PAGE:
|Chinese Grand Prix|
|Venue: Shanghai International Circuit. Date: 10-12 April|
|Live commentary on BBC Radio 5 live sports extra; text commentary on BBC Sport website; highlights on BBC One|
English driver Will Stevens is hoping to finally make his Manor debut at the Chinese Grand Prix this weekend.
The 23-year-old is yet to drive in qualifying or a race for his new team after they suffered teething problems in Australia and Malaysia.
They were rescued from administration in February but missed the opening race with technical issues.
"Coming here we're in a much better position again and I'd like to think I'll be racing," said Stevens.
"So third time lucky and I hope this weekend will be good."
|Will Stevens's career|
|He spent three seasons in the Formula Renault 3.5 series, scoring two victories this year to finish sixth in the championship|
|The 23-year-old tested for Caterham in the 2013 and 2014 Formula 1 in-season tests at Silverstone, clocking up over 1,100km (690 miles)|
|He raced in the 2014 Abu Dhabi GP for Caterham, finishing 17th out of 17 who completed the race|
In the following race in Sepang, after taking part in the two Friday practice sessions, Stevens missed final practice and qualifying due to a fuel system issue although Merhi did manage to finish the race.
"Clearly Malaysia was a tough weekend for me," he added.
"To miss qualifying and the race was disappointing, but then we came into this year knowing the first few races would be difficult."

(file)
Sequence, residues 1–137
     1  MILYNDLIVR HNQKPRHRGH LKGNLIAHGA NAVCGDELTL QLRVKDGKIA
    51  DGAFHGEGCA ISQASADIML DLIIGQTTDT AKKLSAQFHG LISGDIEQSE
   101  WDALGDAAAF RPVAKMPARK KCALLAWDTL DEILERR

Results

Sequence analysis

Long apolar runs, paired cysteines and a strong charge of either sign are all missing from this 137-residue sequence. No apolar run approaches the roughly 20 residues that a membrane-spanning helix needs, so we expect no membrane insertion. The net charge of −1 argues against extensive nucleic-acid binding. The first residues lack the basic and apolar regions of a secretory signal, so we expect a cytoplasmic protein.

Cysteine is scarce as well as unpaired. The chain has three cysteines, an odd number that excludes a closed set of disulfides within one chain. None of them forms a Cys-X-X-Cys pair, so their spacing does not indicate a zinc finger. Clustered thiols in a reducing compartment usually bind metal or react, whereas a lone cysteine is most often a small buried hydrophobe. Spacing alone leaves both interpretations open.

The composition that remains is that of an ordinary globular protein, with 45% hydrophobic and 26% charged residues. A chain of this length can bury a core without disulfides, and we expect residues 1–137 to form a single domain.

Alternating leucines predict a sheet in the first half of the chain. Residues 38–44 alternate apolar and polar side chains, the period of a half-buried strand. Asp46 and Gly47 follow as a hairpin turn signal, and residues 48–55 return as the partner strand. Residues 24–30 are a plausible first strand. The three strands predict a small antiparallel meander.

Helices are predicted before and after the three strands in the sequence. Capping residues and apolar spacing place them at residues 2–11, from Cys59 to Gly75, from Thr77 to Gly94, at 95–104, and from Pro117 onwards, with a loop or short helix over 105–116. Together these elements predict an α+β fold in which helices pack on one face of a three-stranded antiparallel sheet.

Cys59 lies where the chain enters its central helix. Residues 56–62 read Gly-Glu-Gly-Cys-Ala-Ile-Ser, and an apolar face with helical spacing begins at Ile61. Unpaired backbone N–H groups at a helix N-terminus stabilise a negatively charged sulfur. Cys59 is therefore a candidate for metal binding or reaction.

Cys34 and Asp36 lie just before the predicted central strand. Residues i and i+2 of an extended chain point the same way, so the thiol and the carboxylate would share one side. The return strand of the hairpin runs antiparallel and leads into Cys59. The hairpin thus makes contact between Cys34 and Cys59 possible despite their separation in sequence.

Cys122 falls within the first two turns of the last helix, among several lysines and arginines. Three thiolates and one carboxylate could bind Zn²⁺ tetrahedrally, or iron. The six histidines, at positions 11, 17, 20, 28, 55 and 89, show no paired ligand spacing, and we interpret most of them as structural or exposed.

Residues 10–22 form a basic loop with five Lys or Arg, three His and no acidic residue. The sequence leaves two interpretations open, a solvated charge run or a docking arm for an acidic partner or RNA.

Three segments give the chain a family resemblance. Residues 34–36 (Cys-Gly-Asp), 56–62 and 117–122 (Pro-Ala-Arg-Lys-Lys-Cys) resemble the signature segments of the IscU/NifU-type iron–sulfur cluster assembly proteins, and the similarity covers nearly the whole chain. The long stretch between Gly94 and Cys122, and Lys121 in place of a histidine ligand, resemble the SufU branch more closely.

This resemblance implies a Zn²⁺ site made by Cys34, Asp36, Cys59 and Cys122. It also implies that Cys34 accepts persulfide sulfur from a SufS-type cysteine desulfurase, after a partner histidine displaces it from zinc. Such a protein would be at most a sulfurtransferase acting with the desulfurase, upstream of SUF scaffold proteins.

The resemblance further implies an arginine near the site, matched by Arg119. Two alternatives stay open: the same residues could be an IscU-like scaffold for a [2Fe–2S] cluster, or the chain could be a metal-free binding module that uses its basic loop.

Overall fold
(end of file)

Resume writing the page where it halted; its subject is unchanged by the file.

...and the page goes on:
"I'm part of the team and I need to understand everything that is going on. As I do, it makes problems easier to get through."
Stevens has taken part in one F1 race so far, when he raced for the now-defunct Caterham team in Abu Dhabi at the end of last season.
Fellow Englishman Jolyon Palmer is also in China and will take part in first practice for Lotus.
It will be the first Formula 1 drive for the 24-year-old who won last season's GP2 title.
|Andrew Benson's Chinese GP view|
|"The longest straight and, in its never-ending Turn One, probably the longest corner on the Formula 1 calendar it may have, but the Shanghai International Circuit is memorable more for the smog that perpetually envelopes it than any of its physical characteristics."It ticks the box of giving F1 a race in China - a requirement that in the modern world no self-respecting 'world' championship could do without - but inspirational it is not."The track's stand-out feature is probably the back end of the paddock, where the vast concrete expanse behind the garages gives way to a series of pavilions dotted around a small lake, which the teams use as their offices for the grand prix weekend."It's a lovely idea, and really quite attractive, but it can turn finding anyone to talk to into an odyssey to match Marco Polo's."Still, the place has thrown up some decent races in the past, and there is an element of exoticism about any trip to Shanghai."|